Skip to page content
USDA Forest Service
  
Treesearch

Research & Development Treesearch

 
Treesearch Home
About Treesearch
Contact Us
Research & Development
Forest Products Lab
International Institute of Tropical Forestry
Northern
Pacific Northwest
Pacific Southwest
Rocky Mountain
Southern Research Station
Help
 

Science.gov - We Participate


USA.gov  Government Made Easy


Global Forest Information Service

US Forest Service
P.O. Box 96090
Washington, D.C.
20090-6090

(202) 205-8333

You are here: Home / Search / Publication Information
Bookmark and Share

Publication Information

View PDF (341 KB bytes)

Title: Corridor Length and Patch Colonization by a Butterfly, Junonia coenia

Author: Haddad, Nick;

Date: 2000

Source: Conservation Biology, Pages 738-745, Volume 19, No. 3, June 2000

Publication Series: Miscellaneous Publication

Description: Corridors have been proposed to reduce isolation and increase population persistence in fragmented landscapes, yet little research has evaluated the types of landscapes in which corridors will be most effective. I tested the hypothesis that corridors increase patch colonization by a butterfly, Junonia coenia, regardless of the butterfly's initial distance from a patch. I chose J. coenia because it has been shown to move between patches preferentially through corridors. Individuals were released 16-192m away from open experimental patches into adjacent open corridors or forest. Neither corridors nor distance bad a significant effect on patch colonization, but there was a significant interaction between the presence or absence of corridors and distance. At small distances (16-64 m), J. coenia was more likely to colonize open patches when released within forest than within open corridors, most likely because J. coenia used corridors as habitat. Nevertheless, patch colonization by butterflies released within forest decreased rapidly as distance from patches increased, as predicted by a null model of random movement. Colonization did not change with distance in the corridor, and at long distances (128-192 m), butterflies released in corridors were twice as likely to colonize open patches as those released in forest. These results suggest that one critical factor, interpatch distance, may determine the relative effectiveness of corridors and other landscape configurations, such as stepping stones, in reducing isolation in fragmented landscapes. When distances between patches are short compared to an animal's movement ability, a stepping stone approach may most effectively promote dispersal. Alternatively, the conservation value of corridors is highest relative to other habitat configurations when longer distances separate patches in fragmented landscapes.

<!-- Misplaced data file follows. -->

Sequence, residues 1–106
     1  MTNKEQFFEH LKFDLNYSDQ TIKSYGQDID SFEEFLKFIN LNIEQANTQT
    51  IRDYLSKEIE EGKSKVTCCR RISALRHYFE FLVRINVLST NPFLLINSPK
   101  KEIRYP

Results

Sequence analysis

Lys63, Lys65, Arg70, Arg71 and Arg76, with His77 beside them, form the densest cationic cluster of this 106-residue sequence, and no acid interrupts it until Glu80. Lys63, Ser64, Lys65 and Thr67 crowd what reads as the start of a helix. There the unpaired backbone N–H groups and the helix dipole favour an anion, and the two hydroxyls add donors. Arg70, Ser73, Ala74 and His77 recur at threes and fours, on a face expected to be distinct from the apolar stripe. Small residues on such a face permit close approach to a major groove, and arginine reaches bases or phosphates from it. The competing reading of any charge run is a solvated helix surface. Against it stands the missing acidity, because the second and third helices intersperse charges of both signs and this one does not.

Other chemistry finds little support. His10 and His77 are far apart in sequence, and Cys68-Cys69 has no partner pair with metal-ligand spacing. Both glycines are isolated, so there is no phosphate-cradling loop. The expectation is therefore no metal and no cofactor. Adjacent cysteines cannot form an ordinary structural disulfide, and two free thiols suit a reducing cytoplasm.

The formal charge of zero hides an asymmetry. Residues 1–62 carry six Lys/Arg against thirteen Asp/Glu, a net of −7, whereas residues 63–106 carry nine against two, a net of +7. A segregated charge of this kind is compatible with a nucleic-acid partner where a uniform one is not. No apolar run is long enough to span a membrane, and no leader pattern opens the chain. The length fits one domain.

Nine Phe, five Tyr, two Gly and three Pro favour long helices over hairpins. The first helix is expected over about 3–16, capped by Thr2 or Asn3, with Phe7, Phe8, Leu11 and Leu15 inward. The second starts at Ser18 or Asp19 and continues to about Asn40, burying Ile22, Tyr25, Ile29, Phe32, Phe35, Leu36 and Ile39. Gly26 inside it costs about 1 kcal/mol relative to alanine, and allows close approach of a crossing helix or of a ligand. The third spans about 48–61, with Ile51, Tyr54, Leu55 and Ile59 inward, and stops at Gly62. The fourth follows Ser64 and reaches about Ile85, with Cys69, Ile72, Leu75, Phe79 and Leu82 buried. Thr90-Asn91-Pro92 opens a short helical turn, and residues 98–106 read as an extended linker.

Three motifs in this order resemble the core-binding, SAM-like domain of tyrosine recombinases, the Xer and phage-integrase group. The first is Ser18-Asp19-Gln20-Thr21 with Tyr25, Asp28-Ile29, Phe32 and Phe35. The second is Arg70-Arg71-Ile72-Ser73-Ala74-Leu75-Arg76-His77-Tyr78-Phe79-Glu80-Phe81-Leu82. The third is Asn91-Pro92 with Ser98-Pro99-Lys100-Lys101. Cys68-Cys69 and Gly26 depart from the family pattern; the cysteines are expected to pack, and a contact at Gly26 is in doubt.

Publication Notes:

  • We recommend that you also print this page and attach it to the printout of the article, to retain the full citation information.
  • This article was written and prepared by U.S. Government employees on official time, and is therefore in the public domain.
  • You may send email to pubrequest@fs.fed.us to request a hard copy of this publication. (Please specify exactly which publication you are requesting and your mailing address.)

XML: View XML

Citation:


Haddad, Nick 2000. Corridor Length and Patch Colonization by a Butterfly, Junonia coenia. Conservation Biology, Pages 738-745, Volume 19, No. 3, June 2000

 


 [ Get Acrobat ]  Get the latest version of the Adobe Acrobat reader or Acrobat Reader for Windows with Search and Accessibility

USDA logo which links to the department's national site. Forest Service logo which links to the agency's national site.